I promised to report on the act-km conference (day 2) that I attended on the 15th October. The papers from the conference are up on the web site.
I won’t go through my notes on this one because I want to focus my thoughts on a broader discussion around conference formats. In particular, I want to discuss conference presentations and workshops.
Most conferences have traditional stand-up-the-front presentations, usually accompanied by a PowerPoint presentation of varying degrees of quality. Such presentations usually take 20-60 minutes, depending on whether the presentation is a keynote or not. The presenter is often rushed because of insufficient time – a problem that many speakers don’t address before getting started. But still there is the challenge of makng presentations more interesting. [On a personal note, I’d love to be able to give a conference and Powerpoint presentation like Al Gore in the documentary, An inconvenient truth!]
One response from conference organisers is to make the conference sessions more interactive. This at least keeps the audience on their toes! And one method of audience interaction used at conferences is what might be described as a mini-workshop.
A mini-workshop approach was used by a couple of presenters on the day I attended the act-km conference in Canberra. One workshop in particular was of great interest. The workshop by Laurie Lok Lee from Optimice on value networks was really very interesting – people at tables had to play the part of two archetypes and discuss how they would view the value of their particular knowledge management initiative and the value of the initiative from the other archetype. Value was to be determined using a scorecard that covered a value for both tangible and intangible activities. The archetypes would need to work together (partner) to get the knowledge management activity happening.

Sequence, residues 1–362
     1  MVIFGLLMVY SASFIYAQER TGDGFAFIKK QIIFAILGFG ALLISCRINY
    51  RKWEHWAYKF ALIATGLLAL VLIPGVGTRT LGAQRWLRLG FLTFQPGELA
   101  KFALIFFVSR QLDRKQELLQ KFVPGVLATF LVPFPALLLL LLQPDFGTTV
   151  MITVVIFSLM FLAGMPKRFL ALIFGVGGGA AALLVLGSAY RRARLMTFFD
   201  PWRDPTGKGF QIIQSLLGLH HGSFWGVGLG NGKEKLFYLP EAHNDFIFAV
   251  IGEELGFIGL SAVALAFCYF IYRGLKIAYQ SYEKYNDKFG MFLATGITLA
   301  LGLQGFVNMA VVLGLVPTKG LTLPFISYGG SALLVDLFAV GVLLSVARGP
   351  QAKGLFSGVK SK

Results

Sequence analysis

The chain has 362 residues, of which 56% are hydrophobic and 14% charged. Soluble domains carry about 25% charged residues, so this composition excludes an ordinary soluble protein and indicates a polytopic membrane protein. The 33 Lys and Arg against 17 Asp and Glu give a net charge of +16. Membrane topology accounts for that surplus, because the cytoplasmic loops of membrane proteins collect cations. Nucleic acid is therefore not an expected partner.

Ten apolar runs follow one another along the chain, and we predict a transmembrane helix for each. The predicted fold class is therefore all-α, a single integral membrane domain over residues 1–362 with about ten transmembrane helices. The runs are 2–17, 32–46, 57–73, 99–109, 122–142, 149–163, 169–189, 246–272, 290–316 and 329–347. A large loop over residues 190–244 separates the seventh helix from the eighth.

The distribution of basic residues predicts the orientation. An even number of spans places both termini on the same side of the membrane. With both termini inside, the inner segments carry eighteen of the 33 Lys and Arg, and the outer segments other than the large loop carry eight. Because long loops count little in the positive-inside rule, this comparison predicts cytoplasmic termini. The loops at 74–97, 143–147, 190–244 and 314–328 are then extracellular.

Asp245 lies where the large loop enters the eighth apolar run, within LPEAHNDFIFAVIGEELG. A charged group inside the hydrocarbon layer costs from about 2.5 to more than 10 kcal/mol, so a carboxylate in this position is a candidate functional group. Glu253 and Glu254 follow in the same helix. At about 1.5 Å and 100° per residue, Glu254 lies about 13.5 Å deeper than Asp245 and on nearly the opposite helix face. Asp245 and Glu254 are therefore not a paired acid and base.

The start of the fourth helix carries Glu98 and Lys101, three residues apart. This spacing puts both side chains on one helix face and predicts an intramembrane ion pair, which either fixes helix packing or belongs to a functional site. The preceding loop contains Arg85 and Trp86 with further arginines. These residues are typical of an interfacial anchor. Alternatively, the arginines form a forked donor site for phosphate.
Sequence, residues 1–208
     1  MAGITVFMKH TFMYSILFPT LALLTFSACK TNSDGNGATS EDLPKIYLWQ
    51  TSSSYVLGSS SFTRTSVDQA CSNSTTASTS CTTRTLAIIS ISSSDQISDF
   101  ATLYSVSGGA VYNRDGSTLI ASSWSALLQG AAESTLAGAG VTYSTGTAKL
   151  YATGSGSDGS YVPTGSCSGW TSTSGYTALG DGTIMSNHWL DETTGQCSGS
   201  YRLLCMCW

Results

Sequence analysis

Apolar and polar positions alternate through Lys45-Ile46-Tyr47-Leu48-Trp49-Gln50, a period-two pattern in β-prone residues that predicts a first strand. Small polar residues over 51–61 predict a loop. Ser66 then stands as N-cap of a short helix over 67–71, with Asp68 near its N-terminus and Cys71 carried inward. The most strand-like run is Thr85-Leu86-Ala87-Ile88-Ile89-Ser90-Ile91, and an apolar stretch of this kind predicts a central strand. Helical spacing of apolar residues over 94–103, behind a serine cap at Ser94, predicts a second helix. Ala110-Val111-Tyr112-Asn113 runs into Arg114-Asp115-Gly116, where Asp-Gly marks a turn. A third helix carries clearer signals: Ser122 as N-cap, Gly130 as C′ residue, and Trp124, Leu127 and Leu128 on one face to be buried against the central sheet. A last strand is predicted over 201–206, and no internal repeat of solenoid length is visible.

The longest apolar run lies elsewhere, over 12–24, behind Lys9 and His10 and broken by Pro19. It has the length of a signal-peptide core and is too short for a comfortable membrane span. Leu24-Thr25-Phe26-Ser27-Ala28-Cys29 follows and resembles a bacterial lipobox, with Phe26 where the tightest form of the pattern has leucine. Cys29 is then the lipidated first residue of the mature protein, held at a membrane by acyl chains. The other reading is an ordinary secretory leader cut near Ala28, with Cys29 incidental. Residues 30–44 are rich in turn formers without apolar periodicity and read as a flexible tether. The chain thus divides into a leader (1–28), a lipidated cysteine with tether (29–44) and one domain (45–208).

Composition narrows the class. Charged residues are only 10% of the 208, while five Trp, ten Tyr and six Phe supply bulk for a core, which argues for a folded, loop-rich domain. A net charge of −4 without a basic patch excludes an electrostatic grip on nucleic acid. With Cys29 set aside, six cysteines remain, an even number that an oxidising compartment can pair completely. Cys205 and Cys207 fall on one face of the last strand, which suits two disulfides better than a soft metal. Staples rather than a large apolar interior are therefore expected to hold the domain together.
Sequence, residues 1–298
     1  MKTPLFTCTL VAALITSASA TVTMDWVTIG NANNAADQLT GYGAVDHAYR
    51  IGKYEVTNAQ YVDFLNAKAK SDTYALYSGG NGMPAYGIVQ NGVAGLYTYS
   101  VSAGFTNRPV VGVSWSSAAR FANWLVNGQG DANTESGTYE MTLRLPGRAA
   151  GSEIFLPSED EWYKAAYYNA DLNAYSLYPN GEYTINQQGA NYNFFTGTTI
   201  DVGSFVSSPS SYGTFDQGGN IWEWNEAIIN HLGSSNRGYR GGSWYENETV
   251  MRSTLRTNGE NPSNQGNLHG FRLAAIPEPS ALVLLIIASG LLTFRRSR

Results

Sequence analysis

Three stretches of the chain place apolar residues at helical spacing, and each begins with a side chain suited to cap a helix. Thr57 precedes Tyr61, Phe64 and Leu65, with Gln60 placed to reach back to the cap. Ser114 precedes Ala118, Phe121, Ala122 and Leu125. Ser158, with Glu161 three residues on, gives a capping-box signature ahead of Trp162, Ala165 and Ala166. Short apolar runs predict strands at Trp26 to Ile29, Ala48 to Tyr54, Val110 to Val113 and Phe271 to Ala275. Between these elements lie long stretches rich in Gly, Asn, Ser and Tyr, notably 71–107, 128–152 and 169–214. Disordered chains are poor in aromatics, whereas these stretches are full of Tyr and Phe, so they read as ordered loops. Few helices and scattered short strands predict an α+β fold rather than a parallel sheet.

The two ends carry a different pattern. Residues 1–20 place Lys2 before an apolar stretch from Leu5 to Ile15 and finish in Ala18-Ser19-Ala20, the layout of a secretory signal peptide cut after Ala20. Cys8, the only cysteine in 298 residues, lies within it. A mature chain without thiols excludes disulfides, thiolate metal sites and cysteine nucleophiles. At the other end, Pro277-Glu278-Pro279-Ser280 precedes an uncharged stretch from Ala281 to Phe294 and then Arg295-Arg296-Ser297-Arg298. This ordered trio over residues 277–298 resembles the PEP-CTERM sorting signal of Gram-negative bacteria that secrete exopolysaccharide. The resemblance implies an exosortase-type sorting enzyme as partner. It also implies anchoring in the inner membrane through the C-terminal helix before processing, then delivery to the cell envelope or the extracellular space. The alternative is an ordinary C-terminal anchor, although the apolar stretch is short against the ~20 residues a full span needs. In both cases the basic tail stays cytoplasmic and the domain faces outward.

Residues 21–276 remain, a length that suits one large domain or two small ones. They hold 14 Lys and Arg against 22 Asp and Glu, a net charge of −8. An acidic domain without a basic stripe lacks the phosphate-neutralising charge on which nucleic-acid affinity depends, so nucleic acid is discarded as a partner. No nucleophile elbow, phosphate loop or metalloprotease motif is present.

The workshop would have been improved with more time and this is often a problem. The benefits are not fully realised because the workshop is allocated the same time as for a stock-standard presentation format. A workshop and a presentation have different time management needs.
I am wondering if the workshop approach needs to be an actual conference highlight, akin to a keynote, where extra time can be allocated. The impact of the workshop could be enhanced by linking the issues with later standard presentations. A final workshop wrap-up (with sufficient allocated time) would tie everything up and maintain a good level of participation and thinking. Too often the final conference presentation is a panel where not much happens, or where a couple of selected presenters give their impressions of the conference for the rest of us.
I must say in this penultimate paragraph that I really enjoyed the act-km day, appreciate the efforts of all involved, and thank them for stimulating my thinking about a range of issues, including workshops and conference design.
I’d be interested in hearing any opinions on whether workshops really do add value to conferences and/or how conferences can be improved through different presentation delivery methods.